One thing to be said about Snowblind: this is a character-driven detective tale. This starts with Ari, who – kudos to Jónasson – is the perfect creation to make this story engaging. In contrast to so many detective novels, where the protagonist is an old, oftentimes subdued, all-knowing expert, young Ari brings a sense of true vulnerability to the story. As a reader, we sympathise with him, even when he inevitably makes a bad call. We respect his determination and his tenacious desire to learn the truth. He’s an endearing figure – there is no darkness in him – and an undeniable rookie. Ari is unsure at times, he makes mistakes, and that makes him more real and interesting. You want to keep reading to find out what he’ll do next. 

Next in line would be Hrólfur, a retired writer who is somewhat of an enigmatic national literary treasure. Then there’s Kristin, Ari’s girlfriend back in the capital, as well as Ugla, the piano teacher and inevitable new love interest. There’s a talented yet undervalued playwright, plus actors, townspeople, landladies… The tale offers no shortage of characters, and all are fully realised. All have some sort of hidden agenda, deeply held struggle or coherent motivation. Jónasson leaves no one behind; there are no cliché caricatures in this book. Of course, with so many well-rounded characters, it becomes harder for readers to guess who is guilty. The author proves through his skill at character building that we can never truly know the mind of another, no matter how long the relationship or how close.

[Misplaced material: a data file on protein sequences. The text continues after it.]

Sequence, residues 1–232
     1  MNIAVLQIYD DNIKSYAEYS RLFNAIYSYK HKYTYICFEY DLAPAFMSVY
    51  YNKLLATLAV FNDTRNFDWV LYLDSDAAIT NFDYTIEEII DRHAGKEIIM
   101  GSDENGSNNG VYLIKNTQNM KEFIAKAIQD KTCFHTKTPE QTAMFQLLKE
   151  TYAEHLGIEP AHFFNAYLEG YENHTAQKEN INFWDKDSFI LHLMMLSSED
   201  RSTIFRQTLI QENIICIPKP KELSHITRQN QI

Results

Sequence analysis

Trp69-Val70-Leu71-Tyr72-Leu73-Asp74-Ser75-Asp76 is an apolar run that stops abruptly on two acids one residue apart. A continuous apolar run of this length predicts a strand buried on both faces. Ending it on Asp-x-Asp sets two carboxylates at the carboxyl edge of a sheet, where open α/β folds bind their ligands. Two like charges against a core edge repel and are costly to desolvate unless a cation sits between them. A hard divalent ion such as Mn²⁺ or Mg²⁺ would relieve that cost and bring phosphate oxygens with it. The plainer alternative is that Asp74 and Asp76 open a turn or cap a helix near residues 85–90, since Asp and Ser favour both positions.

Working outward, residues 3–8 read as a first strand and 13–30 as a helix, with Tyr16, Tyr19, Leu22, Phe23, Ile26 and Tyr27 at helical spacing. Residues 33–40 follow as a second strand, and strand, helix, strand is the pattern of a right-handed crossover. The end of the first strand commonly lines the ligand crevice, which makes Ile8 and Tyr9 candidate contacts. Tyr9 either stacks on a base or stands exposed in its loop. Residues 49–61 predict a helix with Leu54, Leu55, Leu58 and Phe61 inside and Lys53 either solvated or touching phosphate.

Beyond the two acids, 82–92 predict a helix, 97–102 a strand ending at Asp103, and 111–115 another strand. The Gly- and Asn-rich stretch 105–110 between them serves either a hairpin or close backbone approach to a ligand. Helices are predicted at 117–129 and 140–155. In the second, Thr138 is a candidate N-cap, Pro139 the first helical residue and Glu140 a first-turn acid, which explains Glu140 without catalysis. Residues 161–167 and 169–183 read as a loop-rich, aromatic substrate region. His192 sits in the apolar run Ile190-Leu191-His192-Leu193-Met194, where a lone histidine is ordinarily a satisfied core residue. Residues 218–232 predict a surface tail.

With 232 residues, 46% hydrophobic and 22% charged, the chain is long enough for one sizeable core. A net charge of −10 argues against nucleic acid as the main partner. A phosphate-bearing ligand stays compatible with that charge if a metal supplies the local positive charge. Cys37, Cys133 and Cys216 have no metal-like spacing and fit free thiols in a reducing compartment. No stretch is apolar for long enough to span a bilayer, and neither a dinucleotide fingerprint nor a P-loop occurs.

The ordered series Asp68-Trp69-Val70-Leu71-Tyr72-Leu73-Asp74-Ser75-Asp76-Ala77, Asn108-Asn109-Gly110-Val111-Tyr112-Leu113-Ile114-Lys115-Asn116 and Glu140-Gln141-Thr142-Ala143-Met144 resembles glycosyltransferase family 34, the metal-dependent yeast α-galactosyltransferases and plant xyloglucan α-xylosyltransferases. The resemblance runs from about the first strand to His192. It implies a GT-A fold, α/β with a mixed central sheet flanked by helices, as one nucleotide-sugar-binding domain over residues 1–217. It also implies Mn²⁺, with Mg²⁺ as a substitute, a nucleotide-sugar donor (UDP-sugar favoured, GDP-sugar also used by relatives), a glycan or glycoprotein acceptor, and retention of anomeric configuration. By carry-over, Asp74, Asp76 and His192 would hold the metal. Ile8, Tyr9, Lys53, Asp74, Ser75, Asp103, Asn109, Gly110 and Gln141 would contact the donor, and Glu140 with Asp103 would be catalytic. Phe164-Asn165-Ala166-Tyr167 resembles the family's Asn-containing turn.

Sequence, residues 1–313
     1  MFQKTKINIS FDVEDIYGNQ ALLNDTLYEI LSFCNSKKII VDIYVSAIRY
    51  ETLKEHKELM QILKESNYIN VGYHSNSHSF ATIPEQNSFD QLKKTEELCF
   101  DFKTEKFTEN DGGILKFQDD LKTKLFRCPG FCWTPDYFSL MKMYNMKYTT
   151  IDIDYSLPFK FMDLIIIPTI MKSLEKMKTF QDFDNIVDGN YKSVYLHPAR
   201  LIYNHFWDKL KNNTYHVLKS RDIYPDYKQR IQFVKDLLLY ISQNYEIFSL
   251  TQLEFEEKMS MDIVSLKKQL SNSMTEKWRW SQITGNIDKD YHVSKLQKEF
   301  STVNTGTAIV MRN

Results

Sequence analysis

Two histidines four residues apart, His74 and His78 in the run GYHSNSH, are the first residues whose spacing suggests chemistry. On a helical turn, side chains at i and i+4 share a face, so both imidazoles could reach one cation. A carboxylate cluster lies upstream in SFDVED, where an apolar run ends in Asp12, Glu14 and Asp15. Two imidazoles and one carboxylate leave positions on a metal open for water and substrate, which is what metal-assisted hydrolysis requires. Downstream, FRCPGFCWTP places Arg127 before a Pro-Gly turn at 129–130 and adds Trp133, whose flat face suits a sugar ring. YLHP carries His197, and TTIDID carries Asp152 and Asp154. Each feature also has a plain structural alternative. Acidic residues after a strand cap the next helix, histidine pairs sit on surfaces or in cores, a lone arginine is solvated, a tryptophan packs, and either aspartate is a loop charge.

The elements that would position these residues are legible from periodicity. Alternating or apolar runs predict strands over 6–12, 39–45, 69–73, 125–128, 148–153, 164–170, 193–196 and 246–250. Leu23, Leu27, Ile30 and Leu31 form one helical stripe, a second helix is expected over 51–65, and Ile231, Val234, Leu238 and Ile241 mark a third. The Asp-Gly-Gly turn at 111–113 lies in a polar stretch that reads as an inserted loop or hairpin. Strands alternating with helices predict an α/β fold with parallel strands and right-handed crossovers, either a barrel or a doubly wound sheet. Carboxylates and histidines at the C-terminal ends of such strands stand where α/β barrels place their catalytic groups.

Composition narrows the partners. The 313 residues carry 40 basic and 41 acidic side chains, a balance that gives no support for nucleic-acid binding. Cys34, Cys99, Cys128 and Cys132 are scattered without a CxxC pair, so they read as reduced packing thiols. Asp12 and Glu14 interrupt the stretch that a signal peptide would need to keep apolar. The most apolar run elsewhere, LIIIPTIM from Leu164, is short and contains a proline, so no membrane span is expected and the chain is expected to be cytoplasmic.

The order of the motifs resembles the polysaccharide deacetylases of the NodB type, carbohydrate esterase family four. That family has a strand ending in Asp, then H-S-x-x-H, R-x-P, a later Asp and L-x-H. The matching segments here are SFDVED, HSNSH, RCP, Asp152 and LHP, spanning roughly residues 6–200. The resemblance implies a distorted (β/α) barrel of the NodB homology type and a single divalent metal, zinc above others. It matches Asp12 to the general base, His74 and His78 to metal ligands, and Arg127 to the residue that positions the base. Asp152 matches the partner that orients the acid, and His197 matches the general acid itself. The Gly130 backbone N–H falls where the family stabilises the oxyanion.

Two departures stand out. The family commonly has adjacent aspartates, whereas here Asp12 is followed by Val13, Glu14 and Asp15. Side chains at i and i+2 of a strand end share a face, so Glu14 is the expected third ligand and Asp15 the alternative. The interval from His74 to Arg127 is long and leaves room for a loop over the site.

As for the writing itself, one could say Jónasson’s prose is evocative, yes, but also sharp and cleverly paced. He takes just the right amount of time to set a scene, and he knows exactly when to let the plot unravel. This happens around the middle of the book, after he’s already woven a tapestry of possible culprits, grudges and memories. He makes sure to build the anticipation, keeping the reader at the edge of their seat. And he refuses to rush. If you’re expecting a fast resolution, turn away from this book, where the narrative unfolds almost methodically, revealing exactly what needs revealing at the exact right time. 

Jónasson has a preternatural sense of timing and suspense. The crime that sets the story off, for instance, only really comes into focus halfway through. Of course, by then readers have probably already started drawing mind maps. This is not the book if you’re into jump scares or out-of-nowhere twists. If an immersive atmosphere is what appeals to you, however, you’re in for a treat. Adding to that is the book’s structure, which intertwines chapters in a present time with episodes narrating the crime (which one doesn’t really know, until one point, whether that’s in the past or future), keeping the reader intrigued until all of the pieces finally come together.

Further Reading

If Ragnar Jónasson’s work leaves you wanting more, you might want to reach for Truman Capote’s celebrated In Cold Blood, where, much like Snowblind, a remote, unassuming town (one where no one locks their doors) is shaken by a horrifying crime. And, of course, one cannot ignore the direct influences of Agatha Christie on the Icelandic writer’s storytelling. If you’ve never read anything by the undisputed “Queen of Mystery”, a good starting point could be Murder on the Orient Express or And Then There Were None. You’re likely to find that, once you go Christie, you won’t go back.